Certain expenditures qualify as a deduction for your taxes. These expenditures are referred to as itemized deductions.
In general, if your total itemized deductions exceed the standard deduction, you should itemize. This includes these situations:
- You do not qualify for the standard deduction, or the amount of the standard deduction is limited
- You have large, uninsured medical and dental expenses
- You pay interest and taxes on a home or personal property
- You have large, unreimbursed employee business expenses
- You have large, uninsured casualty or theft losses
- You make large contributions to qualified charities
Most deductions are subject to the 2% of adjusted gross income (AGI) rule. This means the sum of expenditures greater than 2% of your total AGI is deductible in the amount that exceeds the 2%.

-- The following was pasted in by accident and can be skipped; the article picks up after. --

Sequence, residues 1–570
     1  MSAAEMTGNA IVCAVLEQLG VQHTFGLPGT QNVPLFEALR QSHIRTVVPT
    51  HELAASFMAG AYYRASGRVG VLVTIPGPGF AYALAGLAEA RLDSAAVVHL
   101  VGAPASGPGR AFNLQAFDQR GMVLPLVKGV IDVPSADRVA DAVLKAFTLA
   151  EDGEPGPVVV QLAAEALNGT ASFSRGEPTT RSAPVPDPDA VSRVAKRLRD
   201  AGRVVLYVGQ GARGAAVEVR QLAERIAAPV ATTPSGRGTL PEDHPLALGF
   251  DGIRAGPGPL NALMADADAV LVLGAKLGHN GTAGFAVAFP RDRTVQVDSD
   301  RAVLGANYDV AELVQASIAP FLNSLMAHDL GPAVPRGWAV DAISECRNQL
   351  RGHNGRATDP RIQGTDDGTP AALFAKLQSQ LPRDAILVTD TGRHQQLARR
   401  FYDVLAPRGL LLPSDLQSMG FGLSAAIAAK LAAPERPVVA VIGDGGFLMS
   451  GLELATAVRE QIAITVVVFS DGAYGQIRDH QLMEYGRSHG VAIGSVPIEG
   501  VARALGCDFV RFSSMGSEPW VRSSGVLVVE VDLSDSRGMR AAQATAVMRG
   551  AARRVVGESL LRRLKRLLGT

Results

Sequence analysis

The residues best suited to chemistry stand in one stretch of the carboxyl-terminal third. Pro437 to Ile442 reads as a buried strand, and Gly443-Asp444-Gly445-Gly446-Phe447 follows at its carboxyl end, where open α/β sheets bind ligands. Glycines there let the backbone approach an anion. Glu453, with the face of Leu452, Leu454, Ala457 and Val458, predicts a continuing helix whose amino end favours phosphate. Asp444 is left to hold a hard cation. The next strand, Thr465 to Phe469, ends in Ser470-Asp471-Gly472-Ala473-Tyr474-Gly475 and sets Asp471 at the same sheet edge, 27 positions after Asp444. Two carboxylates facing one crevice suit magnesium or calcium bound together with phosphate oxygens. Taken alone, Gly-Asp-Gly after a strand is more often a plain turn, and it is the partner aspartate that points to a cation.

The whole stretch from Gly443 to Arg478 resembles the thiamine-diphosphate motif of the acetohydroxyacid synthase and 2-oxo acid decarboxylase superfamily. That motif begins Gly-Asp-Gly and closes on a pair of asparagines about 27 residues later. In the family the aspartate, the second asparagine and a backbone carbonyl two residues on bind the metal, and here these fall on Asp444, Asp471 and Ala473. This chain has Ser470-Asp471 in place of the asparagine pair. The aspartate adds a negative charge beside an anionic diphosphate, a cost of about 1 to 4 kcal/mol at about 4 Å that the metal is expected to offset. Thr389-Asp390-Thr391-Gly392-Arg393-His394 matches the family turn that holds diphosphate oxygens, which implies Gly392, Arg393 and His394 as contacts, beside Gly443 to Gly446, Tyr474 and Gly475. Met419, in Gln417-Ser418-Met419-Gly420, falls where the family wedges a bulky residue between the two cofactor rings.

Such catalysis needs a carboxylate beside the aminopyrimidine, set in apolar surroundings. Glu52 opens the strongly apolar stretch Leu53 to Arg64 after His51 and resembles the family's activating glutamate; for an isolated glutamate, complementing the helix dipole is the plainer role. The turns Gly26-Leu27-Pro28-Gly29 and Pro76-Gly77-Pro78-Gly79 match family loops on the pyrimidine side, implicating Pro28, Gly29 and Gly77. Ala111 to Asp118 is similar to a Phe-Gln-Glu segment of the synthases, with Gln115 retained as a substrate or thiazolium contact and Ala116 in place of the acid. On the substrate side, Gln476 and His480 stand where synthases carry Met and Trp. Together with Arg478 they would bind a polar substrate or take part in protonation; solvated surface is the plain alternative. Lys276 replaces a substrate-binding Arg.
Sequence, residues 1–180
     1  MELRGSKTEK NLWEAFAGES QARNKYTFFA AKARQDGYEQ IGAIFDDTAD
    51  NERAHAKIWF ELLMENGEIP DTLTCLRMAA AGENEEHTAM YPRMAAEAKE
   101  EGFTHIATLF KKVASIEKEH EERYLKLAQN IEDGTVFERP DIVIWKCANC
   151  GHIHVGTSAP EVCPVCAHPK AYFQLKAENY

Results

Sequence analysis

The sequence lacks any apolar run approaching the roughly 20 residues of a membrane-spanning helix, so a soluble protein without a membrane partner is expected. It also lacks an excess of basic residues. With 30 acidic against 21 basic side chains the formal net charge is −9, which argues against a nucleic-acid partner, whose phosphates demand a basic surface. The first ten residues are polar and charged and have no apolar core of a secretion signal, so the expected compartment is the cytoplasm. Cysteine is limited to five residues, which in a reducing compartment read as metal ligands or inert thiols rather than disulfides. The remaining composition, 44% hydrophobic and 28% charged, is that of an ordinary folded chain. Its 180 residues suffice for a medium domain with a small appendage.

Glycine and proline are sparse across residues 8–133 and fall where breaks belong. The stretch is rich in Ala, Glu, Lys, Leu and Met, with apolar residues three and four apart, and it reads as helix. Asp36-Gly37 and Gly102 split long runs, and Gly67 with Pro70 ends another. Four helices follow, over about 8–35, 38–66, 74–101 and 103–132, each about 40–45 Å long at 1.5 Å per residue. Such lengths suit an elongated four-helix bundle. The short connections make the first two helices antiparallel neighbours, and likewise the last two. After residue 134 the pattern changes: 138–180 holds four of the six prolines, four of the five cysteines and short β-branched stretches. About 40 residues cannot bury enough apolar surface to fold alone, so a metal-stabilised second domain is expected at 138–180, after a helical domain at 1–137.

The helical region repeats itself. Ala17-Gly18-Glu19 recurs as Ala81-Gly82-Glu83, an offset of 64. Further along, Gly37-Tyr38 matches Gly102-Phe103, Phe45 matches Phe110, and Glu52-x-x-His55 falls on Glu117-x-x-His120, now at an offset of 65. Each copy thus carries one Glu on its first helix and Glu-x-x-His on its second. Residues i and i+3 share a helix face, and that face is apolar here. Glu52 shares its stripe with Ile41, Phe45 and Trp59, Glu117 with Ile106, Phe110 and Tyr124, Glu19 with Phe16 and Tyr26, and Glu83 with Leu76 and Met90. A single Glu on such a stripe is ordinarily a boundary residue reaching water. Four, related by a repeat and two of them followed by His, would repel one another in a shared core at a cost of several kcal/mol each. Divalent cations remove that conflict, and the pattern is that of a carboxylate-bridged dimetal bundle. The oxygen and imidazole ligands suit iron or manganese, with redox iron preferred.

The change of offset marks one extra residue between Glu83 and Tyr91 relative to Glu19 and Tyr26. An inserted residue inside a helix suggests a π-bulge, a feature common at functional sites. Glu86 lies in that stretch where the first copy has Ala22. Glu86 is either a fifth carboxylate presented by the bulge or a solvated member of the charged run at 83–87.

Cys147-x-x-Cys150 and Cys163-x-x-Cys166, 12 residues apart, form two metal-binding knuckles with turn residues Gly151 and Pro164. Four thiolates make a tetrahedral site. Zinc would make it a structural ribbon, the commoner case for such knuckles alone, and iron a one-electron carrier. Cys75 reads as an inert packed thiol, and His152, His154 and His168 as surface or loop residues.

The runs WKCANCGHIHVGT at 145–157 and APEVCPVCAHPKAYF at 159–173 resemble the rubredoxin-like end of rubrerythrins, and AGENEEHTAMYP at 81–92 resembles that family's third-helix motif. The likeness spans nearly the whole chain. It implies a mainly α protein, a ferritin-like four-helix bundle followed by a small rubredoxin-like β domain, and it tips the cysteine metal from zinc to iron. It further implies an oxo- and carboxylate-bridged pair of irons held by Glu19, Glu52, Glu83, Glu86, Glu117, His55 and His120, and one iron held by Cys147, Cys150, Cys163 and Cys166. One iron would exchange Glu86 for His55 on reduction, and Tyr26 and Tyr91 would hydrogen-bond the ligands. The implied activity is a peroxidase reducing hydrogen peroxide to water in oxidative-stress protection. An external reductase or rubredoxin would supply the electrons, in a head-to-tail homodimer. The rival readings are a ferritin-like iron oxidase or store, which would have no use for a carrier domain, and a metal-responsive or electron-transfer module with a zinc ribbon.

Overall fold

If you're under 65, medical and dental expenses that are greater than 10% of your total AGI are deductible in the amount that exceeds the 10%. If either you or your spouse is 65 or older, you can deduct the amount that exceeds 7.5% of your AGI.
- Medical and dental expenses
- State and local income taxes or sales tax
- Real estate and personal property taxes
- Home mortgage and investment interest
- Home mortgage points
- Charitable contributions
- Casualty and theft losses
- Job expenses
- Miscellaneous deductions
Individuals Who Must Itemize
- A married person whose filing status is married filing separately and whose spouse is itemizing deductions.
- An individual who is a nonresident alien or dual-status alien during any part of the current tax year. Dual status occurs when you are considered both a nonresident and resident alien during the same year.
- An individual who changes his or her annual accounting cycle and is filing a return for a period of less than 12 months.
For more information, see the Instructions for Schedule A.